Purple loosestrife, purple lythrum, spiked loosestrife
Purple loosestrife is an herbaceous wetland plant in the Lythraceae (loosestrife) family. It has showy, upright clusters of purple flowers. The stem is 4 to 6 sided, with leaves that are opposite and sometimes have smaller leaves coming out at the nodes. It was introduced through the ballast of ships in the 1800s and is also sometimes introduced through plant trades and sales.
Height of mature plants
Up to 10 feet tall (but usually closer to 3-5 feet tall)
pink to purple
July to September
Purple loosestrife can be confused with native spirea (Spirea douglasii) or native fireweed (Chamerion angustifolium). One of the obvious differences is the leaves; purple loosestrife leaves are arranged in an opposite pattern, while the look alikes have alternating leaves.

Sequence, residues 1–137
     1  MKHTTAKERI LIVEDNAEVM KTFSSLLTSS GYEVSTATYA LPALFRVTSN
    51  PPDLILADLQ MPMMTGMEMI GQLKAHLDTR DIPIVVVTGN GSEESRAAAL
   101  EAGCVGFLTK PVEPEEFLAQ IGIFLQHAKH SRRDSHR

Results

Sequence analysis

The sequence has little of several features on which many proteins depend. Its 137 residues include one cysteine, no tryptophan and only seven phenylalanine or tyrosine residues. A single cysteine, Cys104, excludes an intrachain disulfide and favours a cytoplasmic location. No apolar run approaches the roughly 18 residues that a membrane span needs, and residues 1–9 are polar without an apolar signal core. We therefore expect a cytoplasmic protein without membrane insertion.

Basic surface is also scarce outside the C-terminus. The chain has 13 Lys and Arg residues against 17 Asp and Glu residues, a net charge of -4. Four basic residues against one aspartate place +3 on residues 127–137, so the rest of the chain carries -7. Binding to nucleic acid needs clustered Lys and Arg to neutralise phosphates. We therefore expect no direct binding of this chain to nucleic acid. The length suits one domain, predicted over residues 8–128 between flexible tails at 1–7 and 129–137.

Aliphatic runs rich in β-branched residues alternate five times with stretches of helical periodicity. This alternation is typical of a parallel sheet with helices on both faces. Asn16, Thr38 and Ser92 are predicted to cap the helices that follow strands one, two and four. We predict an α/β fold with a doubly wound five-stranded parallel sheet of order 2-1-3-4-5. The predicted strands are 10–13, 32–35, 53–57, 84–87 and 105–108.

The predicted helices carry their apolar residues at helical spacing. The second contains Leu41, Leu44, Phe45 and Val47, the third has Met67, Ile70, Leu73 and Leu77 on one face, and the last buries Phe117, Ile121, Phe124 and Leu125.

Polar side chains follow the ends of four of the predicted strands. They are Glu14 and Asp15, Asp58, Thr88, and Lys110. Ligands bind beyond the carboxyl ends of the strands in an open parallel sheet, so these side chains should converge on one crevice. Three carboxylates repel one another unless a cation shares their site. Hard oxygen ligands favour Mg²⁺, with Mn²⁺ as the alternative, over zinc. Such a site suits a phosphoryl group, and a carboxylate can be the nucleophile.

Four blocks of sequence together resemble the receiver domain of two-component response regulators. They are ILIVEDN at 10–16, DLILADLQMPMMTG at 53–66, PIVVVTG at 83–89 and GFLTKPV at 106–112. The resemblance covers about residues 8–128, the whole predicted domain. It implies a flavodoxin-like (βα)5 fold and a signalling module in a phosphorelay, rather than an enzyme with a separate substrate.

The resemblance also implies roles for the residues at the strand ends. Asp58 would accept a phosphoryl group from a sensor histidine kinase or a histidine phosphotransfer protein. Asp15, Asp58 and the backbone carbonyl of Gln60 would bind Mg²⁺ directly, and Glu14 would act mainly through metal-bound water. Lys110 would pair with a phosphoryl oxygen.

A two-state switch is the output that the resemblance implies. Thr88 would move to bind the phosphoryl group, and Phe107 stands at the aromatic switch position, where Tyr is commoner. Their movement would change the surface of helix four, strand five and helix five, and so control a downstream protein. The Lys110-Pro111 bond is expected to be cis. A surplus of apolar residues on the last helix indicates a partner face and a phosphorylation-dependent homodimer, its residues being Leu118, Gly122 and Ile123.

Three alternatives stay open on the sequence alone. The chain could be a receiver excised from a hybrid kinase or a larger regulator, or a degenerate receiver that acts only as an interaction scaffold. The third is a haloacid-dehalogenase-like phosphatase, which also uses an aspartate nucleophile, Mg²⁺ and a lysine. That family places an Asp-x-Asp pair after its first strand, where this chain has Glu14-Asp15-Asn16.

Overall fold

Purple loosestrife grows in wet areas such as wetlands, streamsides, and marshes.
Purple loosestrife grows vigorously in wet areas and can become dense, crowding out other vegetation. A mature plant can produce up to 2.5 million tiny seeds, which can spread by water and and birds. However, it can also reproduce by stem fragments. Areas that are heavily infested with this plant see a reduction in quality habitat for waterfowl and song birds.
Noxious Weed Listing:
- WeedWise: priority
- State of Oregon: Class B
- State of Washington: Class B
- Four County CWMA: Class B
- Columbia Gorge CWMA: Class B
North Africa, Asia, Australia, and Europe